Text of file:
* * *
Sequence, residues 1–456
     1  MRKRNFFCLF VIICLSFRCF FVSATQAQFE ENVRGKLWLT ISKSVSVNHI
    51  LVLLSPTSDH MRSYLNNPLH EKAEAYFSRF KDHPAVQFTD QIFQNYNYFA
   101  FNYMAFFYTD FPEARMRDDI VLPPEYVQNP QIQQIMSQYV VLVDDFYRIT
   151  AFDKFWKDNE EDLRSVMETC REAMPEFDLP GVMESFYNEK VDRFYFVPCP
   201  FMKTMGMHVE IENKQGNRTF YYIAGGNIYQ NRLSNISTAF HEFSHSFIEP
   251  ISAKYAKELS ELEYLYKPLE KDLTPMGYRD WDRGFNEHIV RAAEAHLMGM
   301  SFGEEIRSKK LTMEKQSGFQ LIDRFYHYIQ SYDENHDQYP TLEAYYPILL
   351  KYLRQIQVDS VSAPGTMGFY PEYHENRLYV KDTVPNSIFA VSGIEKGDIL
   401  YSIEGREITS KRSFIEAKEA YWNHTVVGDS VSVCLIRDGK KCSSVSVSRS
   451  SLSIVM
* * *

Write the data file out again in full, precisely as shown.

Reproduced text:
Sequence, residues 1–456
     1  MRKRNFFCLF VIICLSFRCF FVSATQAQFE ENVRGKLWLT ISKSVSVNHI
    51  LVLLSPTSDH MRSYLNNPLH EKAEAYFSRF KDHPAVQFTD QIFQNYNYFA
   101  FNYMAFFYTD FPEARMRDDI VLPPEYVQNP QIQQIMSQYV VLVDDFYRIT
   151  AFDKFWKDNE EDLRSVMETC REAMPEFDLP GVMESFYNEK VDRFYFVPCP
   201  FMKTMGMHVE IENKQGNRTF YYIAGGNIYQ NRLSNISTAF HEFSHSFIEP
   251  ISAKYAKELS ELEYLYKPLE KDLTPMGYRD WDRGFNEHIV RAAEAHLMGM
   301  SFGEEIRSKK LTMEKQSGFQ LIDRFYHYIQ SYDENHDQYP TLEAYYPILL
   351  KYLRQIQVDS VSAPGTMGFY PEYHENRLYV KDTVPNSIFA VSGIEKGDIL
   401  YSIEGREITS KRSFIEAKEA YWNHTVVGDS VSVCLIRDGK KCSSVSVSRS
   451  SLSIVM